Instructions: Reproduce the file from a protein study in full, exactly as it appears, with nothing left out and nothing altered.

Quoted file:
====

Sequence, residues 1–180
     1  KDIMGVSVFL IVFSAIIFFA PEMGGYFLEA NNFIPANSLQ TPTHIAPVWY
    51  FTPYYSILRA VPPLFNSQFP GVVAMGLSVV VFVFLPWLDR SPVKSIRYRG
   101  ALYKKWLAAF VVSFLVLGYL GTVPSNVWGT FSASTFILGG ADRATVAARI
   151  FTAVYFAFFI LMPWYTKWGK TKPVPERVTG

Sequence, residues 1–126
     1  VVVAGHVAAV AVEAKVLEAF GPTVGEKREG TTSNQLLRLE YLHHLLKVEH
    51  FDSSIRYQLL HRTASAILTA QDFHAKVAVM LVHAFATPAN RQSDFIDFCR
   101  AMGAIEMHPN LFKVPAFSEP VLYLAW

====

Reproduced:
Sequence, residues 1–180
     1  KDIMGVSVFL IVFSAIIFFA PEMGGYFLEA NNFIPANSLQ TPTHIAPVWY
    51  FTPYYSILRA VPPLFNSQFP GVVAMGLSVV VFVFLPWLDR SPVKSIRYRG
   101  ALYKKWLAAF VVSFLVLGYL GTVPSNVWGT FSASTFILGG ADRATVAARI
   151  FTAVYFAFFI LMPWYTKWGK TKPVPERVTG

Sequence, residues 1–126
     1  VVVAGHVAAV AVEAKVLEAF GPTVGEKREG TTSNQLLRLE YLHHLLKVEH
    51  FDSSIRYQLL HRTASAILTA QDFHAKVAVM LVHAFATPAN RQSDFIDFCR
   101  AMGAIEMHPN LFKVPAFSEP VLYLAW